Bertram Brockhouse

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Bertram Brockhouse.

Bertram Neville Brockhouse , CC , FRS , FRSC (born July 15, 1918 in Lethbridge , Alberta , † October 13, 2003 in Hamilton , Ontario ) was a Canadian physicist . He received the Nobel Prize in Physics in 1994 .


Bertram Brockhouse was the second of four children of the married couple Israel Bertram and Mable Emily Brockhouse (née Neville). He spent the first few years of his life near Milk River before the family moved to Vancouver in late 1926 , where he graduated from King George High School in 1935. Shortly thereafter, due to the poor conditions during the recession , the family moved to Chicago , where he earned his living as a laboratory assistant and repairing radios. Since the general situation of the family in Chicago had not improved, they moved again to Vancouver in 1938. After the outbreak of World War II , he volunteered for the Royal Canadian Navy , completed an electrical engineering course at Nova Scotia Technical College in 1944 and served until the end of the war, where he was mainly involved in the maintenance of ASDIC equipment, the forerunner of sonar .

After the war he began in late 1945 with support from the Department of Veterans' Affairs at the University of British Columbia with the math - and physics studies . After attaining the BA degree (intermediate diploma) in 1947, he moved to the low-temperature laboratory of the University of Toronto , where he received his diploma after the then usual time of eight months. In 1949/50 he was a lecturer there . After receiving his doctorate in 1950 (with the dissertation The effect of stress and temperature upon the magnetic properties of ferromagnetic materials ) he got a job at Chalk River Laboratories , the Canadian nuclear research facility, and in 1960 became head of the neutron physics department . In 1952 he spent a year at Brookhaven National Laboratory . In 1962 he moved to McMaster University in Hamilton (Ontario) as a professor of physics , where he stayed until his retirement in 1984. From 1967 to 1970 he headed the physics faculty.

In May 1947 he married the film technician Doris Isobel Mary Miller, whom he had met towards the end of his military service. The two have six children, including the molecular biologist Charles Brockhouse . His hobby were operettas and musicals. He has appeared in amateur productions of operettas by Gilbert and Sullivan .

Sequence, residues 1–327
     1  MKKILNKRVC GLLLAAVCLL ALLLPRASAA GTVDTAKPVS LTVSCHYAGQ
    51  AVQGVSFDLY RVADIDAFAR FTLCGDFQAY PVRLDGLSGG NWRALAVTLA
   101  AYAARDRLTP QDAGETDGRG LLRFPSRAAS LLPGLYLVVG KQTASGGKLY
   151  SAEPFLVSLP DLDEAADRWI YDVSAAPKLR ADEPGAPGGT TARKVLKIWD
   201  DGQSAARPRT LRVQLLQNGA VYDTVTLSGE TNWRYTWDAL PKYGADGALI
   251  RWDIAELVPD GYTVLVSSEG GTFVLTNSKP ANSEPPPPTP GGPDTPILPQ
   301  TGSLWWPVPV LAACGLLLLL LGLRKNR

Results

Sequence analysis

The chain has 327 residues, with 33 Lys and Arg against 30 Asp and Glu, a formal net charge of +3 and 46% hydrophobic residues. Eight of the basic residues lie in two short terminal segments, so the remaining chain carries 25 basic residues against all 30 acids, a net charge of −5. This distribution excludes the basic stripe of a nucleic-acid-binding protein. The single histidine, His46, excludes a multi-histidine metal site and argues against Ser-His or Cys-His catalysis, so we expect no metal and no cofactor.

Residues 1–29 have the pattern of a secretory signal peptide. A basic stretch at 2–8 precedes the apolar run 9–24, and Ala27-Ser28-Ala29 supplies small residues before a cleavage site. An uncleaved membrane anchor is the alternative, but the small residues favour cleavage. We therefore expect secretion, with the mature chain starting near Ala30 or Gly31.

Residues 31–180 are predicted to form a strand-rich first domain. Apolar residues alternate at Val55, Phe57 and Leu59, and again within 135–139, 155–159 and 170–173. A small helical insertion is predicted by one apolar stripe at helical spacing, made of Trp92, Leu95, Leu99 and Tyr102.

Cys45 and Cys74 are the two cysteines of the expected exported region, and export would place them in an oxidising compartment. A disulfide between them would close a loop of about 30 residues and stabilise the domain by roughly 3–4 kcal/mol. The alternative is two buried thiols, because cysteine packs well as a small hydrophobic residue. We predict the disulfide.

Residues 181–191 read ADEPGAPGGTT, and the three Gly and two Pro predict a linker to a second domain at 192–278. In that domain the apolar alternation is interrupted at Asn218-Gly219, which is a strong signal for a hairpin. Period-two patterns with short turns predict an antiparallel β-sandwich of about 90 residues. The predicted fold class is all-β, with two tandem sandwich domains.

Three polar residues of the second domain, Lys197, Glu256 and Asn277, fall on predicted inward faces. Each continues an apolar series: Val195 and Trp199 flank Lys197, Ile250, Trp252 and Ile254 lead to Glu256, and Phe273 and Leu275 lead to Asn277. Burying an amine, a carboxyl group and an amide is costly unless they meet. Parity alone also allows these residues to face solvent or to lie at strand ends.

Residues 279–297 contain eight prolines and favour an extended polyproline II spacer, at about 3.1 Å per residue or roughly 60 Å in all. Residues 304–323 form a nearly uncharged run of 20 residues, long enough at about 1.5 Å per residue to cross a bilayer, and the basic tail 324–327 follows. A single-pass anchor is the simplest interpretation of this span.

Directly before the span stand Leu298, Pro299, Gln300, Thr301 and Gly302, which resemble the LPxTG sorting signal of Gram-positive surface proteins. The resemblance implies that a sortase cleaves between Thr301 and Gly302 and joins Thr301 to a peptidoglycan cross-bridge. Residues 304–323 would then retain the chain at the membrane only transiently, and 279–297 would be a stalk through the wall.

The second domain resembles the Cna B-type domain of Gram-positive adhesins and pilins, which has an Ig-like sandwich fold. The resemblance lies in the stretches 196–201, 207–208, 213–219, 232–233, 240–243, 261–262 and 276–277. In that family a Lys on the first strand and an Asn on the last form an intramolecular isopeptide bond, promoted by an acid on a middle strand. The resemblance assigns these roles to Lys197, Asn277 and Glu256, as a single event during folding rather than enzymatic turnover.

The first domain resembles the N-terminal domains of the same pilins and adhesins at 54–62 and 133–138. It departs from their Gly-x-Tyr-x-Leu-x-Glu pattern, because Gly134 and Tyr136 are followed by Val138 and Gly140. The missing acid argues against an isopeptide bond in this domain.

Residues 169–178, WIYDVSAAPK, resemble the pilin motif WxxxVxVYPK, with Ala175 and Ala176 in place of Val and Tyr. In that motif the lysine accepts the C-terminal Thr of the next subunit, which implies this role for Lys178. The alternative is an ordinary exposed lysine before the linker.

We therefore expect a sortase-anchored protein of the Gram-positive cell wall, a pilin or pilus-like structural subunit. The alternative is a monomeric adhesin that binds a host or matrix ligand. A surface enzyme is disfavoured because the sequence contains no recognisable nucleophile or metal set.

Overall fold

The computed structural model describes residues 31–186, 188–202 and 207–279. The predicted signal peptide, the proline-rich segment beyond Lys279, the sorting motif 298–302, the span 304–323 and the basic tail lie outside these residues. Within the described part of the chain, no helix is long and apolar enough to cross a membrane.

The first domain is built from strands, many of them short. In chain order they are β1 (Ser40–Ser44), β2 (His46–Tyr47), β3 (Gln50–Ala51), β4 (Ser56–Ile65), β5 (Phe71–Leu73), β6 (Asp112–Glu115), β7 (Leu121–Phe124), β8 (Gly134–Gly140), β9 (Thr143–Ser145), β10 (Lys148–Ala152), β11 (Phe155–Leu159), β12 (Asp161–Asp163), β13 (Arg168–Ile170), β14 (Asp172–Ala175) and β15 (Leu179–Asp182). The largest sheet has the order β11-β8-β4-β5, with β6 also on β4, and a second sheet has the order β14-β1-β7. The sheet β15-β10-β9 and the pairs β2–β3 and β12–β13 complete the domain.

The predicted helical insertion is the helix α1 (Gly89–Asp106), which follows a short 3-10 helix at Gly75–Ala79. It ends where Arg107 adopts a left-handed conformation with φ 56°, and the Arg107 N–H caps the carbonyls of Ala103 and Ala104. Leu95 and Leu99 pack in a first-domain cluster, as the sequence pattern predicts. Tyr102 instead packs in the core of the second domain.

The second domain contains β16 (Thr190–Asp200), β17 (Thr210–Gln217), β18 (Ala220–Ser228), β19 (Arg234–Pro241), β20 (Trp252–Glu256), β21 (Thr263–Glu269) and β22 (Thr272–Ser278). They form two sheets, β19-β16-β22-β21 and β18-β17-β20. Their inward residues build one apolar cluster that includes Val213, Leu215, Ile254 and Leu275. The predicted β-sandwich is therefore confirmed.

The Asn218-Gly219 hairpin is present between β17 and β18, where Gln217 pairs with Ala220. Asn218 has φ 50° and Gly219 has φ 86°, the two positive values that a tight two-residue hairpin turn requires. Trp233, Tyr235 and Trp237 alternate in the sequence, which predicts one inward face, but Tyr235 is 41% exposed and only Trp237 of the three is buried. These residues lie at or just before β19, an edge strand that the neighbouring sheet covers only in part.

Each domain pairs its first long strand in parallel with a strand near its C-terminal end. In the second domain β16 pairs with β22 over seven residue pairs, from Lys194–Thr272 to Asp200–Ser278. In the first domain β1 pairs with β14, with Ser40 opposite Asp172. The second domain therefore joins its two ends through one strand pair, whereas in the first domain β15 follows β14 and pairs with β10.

Bertram Brockhouse worked at the Chalk River Laboratory, where the first nuclear reactor outside the USA was built in 1946 , with neutron scattering . At first he worked there under DG Hurst. The NRX reactor in Chalk River was the reactor with the highest neutron flux in the world until 1953. He built the first three-axis spectrometer for neutrons and mainly dealt with the measurement of phonon dispersions through inelastic neutron scattering. In 1955 he succeeded in recording the first dispersion curve for phonons, recorded for an aluminum crystal. Soon after, he turned to the study of spin waves in magnetite crystals and discovered the magnons (that is, he recorded their dispersion curve). Also in 1957 he introduced his Rotating Crystal Spectrometer, a high-resolution spectrometer with time-of-flight measurement, and in 1958 the C5 Triple Axis Spectrometer, used for over 20 years on the Chalk River NRU reactor, was installed on which many neutron spectroscopists were trained. In 1957 his group made the first measurements on semiconductors (germanium). His group also studied liquids and liquid helium with neutron scattering, and in 1961 experimentally demonstrated the Kohn anomaly .

Bertram Brockhouse was awarded the Nobel Prize in Physics in 1994 together with Clifford Shull “for their development of techniques for the scattering of the uncharged nuclear particles” (which means neutrons).

Awards (selection)

He was a Fellow of the Royal Society of Canada and a member of the Royal Swedish Academy of Sciences. In 1982 he became an Officer of the Order of Canada (OC) and in 1995 Companion (CC). He was an honorary doctor from McMaster University and the University of Waterloo.


  • Bertram N. Brockhouse , in: Internationales Biographisches Archiv 03/2004 of January 5, 2004, in the Munzinger archive ( beginning of the article freely available)
  • John RD Copley: Bertram Nevil Brockhouse . In: Physica B , Volume 136, 1986, p. Xxvii

Web links

Individual evidence

  1. ^ BN Brockhouse, AT Stewart: Scattering of Neutrons by Phonons in an Aluminum Single Crystal . In: Physical Review , Volume 100, 1955, p. 756
  2. Brockhouse: Scattering of Neutrons by Spin Waves in Magnetite . In: Physical Review , Vol. 106, No. 5, 1957, pp. 859-864
  3. ^ Known for example from Kittel Introduction to Solid State Physics . 7th edition. Wiley 1996, p. 111 (illustration)
  4. Brockhouse, PK Iyengar: Normal Modes of Germanium by Neutron . In: Phys. Rev. , Volume 111, 1958, p. 747, Erratum Volume 113, 1959, p. 1696
  5. Brockhouse, KR Rao., ADB Woods. In: Phys. Rev. Lett. , Volume 7, 1961, p. 93, Brockhouse et al. a. In: Phys. Rev. , Volume 128, 1962, p. 93